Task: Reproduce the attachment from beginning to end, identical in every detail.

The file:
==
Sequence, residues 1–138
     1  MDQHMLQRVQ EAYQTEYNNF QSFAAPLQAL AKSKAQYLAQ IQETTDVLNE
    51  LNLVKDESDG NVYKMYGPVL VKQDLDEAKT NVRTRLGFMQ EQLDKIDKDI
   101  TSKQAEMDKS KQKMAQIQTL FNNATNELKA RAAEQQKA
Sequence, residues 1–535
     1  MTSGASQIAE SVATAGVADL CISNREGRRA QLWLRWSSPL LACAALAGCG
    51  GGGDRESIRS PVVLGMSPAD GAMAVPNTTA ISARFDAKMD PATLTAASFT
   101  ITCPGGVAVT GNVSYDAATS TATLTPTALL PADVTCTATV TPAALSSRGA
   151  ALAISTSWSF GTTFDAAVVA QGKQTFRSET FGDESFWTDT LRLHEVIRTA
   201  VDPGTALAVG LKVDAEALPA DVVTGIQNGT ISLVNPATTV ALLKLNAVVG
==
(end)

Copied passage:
Sequence, residues 1–138
     1  MDQHMLQRVQ EAYQTEYNNF QSFAAPLQAL AKSKAQYLAQ IQETTDVLNE
    51  LNLVKDESDG NVYKMYGPVL VKQDLDEAKT NVRTRLGFMQ EQLDKIDKDI
   101  TSKQAEMDKS KQKMAQIQTL FNNATNELKA RAAEQQKA
Sequence, residues 1–535
     1  MTSGASQIAE SVATAGVADL CISNREGRRA QLWLRWSSPL LACAALAGCG
    51  GGGDRESIRS PVVLGMSPAD GAMAVPNTTA ISARFDAKMD PATLTAASFT
   101  ITCPGGVAVT GNVSYDAATS TATLTPTALL PADVTCTATV TPAALSSRGA
   151  ALAISTSWSF GTTFDAAVVA QGKQTFRSET FGDESFWTDT LRLHEVIRTA
   201  VDPGTALAVG LKVDAEALPA DVVTGIQNGT ISLVNPATTV ALLKLNAVVG